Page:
Richard Virenque, one of France's most popular and controversial cyclists, has retired from the sport aged 34.
Virenque's place in Tour history is assured
Virenque clinched a record seventh King of the Mountains title in this year's Tour de France.
But the 34-year-old said: "I have been riding for 20 years and I didn't want to do it for a year too many."
Adored by French fans despite being banned in the wake of the 1998 Tour drugs scandal, Virenque had resurrected his career with the Quick Step team.
"France loved Richard Virenque," French sports daily L'Equipe reported.
Virenque followed a third place in the 1996 Tour de France with second in 1997, but a year later his Festina squad was ejected from the race after customs officers found a stash of banned drugs in a team car.
At a trial, Virenque was cleared of charges that he helped supply drugs to his team-mates.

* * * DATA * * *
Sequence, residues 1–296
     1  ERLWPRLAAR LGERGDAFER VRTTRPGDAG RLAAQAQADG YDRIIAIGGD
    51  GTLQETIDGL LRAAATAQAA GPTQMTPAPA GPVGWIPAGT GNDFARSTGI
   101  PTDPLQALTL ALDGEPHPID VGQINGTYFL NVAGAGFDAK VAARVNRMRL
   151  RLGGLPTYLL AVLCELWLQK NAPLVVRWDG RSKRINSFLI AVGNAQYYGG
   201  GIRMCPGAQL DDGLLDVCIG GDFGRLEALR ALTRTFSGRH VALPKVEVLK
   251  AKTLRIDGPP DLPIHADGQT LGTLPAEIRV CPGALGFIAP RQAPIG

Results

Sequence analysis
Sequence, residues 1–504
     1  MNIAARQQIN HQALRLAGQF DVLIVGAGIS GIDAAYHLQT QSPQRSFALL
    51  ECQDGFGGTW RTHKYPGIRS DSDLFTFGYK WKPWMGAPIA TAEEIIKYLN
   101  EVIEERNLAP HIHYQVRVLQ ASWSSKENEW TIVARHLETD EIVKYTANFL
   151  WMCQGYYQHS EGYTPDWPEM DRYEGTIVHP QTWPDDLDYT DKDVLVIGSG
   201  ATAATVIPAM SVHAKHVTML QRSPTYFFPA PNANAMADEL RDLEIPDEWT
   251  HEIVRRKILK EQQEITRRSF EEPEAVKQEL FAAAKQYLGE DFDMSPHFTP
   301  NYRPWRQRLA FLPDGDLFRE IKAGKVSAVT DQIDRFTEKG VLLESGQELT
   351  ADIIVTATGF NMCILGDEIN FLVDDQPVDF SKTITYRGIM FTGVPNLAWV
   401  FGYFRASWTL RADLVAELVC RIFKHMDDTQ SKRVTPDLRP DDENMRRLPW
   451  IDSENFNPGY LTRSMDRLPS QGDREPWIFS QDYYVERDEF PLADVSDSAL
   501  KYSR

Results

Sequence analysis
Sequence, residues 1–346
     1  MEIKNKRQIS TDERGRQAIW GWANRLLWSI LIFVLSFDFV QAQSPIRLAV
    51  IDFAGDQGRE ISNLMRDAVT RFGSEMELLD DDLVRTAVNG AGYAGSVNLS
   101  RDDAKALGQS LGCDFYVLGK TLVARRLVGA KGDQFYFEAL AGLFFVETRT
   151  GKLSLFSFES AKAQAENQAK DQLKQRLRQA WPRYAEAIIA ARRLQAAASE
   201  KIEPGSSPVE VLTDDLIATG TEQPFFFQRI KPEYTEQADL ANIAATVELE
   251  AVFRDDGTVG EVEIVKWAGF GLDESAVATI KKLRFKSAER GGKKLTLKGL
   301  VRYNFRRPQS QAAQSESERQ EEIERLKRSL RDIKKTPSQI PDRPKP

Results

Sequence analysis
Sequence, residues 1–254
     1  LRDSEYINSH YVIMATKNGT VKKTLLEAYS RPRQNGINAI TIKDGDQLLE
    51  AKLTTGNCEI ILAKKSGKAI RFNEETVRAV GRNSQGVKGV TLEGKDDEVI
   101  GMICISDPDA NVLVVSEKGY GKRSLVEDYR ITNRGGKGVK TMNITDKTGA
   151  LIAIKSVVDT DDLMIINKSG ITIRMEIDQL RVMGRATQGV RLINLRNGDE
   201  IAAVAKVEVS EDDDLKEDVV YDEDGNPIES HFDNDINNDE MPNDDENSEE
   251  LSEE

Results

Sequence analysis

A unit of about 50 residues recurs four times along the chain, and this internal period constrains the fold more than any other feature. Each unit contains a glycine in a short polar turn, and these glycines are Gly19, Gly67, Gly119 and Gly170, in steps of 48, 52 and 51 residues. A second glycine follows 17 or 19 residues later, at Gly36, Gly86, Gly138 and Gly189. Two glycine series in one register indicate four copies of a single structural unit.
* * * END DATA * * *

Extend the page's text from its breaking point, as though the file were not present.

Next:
However, he caused a furore with his testimony which claimed there was systematic drug abuse within his team and the sport of cycling.
His admission of doping led to a ban that kept him out of the 2001 Tour, and he admitted he thought his career was over.
"I symbolise doping," Virenque told French newspaper Le Monde.
"My phone rarely rings. I can count on the fingers of one hand the number of riders who call me."
But his return to the sport was greeted warmly by the French public.
He won the gruelling stage up the legendary Mont Ventoux on his Tour comeback in 2002, and followed that with a win to Morzine in the Alps in 2003.
The Morocco-born Virenque was admired for his climbing abilities and his determined solo breakaways, often surging ahead of the pack early to clinch victories in the
This year, Virenque took Bastille Day glory by winning the Tour's longest stage on 14 July, with another solo breakaway.
Virenque went on to take his seventh polka-dot jersey, overtaking Spanish rider Federico Bahamontes and Belgian Lucien van Impe, who both won six.